In this video, This Old House general contractor Tom Silva saves a rotting window with a two-part epoxy filler.
1. Use trim router or rotary cut-out tool fitted with a V-shaped bit to grind out all the rotted wood. Stop when you reach sound, solid wood.
2. Use a paint scraper to scrape off any old paint.
3. Mask off the area around the repair with painter's tape.
4. Take a narrow paintbrush and apply an epoxy bonding agent to all of the exposed wood.
5. Hold a 4-inch-wide plastic putty knife against the bottom end of the casing, and trace the casing's profile onto the blade of the putty knife.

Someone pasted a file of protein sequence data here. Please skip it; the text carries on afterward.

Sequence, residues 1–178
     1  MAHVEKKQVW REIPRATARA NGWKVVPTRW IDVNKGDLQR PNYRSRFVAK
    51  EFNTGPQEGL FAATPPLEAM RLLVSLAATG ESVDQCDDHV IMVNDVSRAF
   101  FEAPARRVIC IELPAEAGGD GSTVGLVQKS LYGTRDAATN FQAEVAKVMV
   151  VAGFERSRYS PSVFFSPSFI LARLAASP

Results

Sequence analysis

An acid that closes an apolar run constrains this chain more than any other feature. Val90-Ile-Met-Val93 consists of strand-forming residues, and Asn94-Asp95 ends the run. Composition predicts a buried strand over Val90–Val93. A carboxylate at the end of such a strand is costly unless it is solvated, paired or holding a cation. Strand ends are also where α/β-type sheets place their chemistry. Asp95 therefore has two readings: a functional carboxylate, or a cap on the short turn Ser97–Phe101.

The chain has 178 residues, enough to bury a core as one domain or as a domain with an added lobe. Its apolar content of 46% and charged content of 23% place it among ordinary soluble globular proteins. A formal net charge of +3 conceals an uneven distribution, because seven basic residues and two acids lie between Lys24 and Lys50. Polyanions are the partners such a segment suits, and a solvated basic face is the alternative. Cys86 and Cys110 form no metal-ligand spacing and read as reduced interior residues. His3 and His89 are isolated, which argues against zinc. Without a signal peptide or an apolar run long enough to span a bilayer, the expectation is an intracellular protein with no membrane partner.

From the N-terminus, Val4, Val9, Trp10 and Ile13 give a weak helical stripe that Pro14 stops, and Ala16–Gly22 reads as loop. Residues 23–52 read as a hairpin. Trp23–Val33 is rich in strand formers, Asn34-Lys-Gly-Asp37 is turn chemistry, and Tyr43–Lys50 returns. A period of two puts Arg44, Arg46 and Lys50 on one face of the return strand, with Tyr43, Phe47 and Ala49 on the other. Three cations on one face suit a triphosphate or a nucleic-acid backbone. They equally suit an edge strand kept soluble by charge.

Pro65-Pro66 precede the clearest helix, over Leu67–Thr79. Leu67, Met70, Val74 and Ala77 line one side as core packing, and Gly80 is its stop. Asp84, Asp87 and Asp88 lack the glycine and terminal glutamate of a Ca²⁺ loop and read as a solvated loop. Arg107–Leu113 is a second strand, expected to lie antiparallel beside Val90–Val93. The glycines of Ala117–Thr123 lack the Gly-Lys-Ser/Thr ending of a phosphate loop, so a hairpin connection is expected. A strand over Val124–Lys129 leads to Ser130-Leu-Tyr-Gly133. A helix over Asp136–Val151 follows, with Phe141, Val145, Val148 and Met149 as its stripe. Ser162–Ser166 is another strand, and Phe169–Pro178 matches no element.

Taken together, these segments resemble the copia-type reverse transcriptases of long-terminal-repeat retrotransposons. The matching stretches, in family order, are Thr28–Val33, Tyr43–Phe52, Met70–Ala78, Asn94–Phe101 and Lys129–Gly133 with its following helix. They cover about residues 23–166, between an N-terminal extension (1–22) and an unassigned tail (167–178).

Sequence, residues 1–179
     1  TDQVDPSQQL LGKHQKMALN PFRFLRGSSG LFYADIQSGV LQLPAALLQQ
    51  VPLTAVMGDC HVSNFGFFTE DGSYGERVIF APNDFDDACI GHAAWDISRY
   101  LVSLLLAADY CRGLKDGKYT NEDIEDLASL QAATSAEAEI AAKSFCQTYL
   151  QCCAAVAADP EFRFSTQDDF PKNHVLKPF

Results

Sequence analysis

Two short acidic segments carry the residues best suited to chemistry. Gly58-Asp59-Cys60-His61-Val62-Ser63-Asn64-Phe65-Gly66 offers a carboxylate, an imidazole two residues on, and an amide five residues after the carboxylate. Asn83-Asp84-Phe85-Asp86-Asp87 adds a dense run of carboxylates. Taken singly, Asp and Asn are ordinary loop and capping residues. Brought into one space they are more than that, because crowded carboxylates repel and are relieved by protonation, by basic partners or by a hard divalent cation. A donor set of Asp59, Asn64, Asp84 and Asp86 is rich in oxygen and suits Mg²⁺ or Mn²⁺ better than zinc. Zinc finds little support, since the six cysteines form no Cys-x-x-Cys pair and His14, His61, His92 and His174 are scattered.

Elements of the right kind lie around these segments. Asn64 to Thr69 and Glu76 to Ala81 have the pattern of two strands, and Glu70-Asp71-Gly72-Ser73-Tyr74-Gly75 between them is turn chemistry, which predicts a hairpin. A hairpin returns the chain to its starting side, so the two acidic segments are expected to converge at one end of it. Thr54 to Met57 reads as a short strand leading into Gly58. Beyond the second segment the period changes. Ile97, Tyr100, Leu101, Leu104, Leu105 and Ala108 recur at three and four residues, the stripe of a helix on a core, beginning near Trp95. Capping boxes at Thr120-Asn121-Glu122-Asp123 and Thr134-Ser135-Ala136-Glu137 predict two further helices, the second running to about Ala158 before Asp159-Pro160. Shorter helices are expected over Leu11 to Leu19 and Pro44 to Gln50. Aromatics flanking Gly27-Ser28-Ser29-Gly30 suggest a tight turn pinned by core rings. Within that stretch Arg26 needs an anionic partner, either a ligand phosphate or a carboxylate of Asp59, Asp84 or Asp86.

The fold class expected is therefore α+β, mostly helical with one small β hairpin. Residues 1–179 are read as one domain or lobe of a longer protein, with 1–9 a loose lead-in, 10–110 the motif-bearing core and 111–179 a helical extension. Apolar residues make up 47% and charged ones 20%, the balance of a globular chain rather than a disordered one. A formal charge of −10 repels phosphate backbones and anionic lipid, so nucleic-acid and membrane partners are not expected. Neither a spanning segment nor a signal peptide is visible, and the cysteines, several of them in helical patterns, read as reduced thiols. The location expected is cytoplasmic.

6. Cut the casing's profile from the knife using aviation snips.
7. Squeeze some epoxy onto a Lexan panel and thoroughly mix it with a putty knife.
8. Force the epoxy into the cavities where the rotted wood was removed.
9. Smooth the epoxy with a putty knife.
10. Hold a straightedge against the underside of the windowsill, then strike off the epoxy with a putty knife to fill any remaining voids and create a perfectly straight line.
11. Use the putty knife that was trimmed with the aviation snips to shape the epoxy to match the original casing.
12. Allow the epoxy to cure overnight, then sand it smooth and apply one coat of primer and two topcoats of paint.